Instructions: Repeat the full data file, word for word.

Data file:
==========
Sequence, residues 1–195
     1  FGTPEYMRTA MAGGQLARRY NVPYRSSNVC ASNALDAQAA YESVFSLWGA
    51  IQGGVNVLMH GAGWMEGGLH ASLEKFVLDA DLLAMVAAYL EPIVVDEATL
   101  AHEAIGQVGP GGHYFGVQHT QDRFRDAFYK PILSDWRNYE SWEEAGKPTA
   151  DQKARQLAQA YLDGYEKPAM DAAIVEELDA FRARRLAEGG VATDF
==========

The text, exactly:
Sequence, residues 1–195
     1  FGTPEYMRTA MAGGQLARRY NVPYRSSNVC ASNALDAQAA YESVFSLWGA
    51  IQGGVNVLMH GAGWMEGGLH ASLEKFVLDA DLLAMVAAYL EPIVVDEATL
   101  AHEAIGQVGP GGHYFGVQHT QDRFRDAFYK PILSDWRNYE SWEEAGKPTA
   151  DQKARQLAQA YLDGYEKPAM DAAIVEELDA FRARRLAEGG VATDF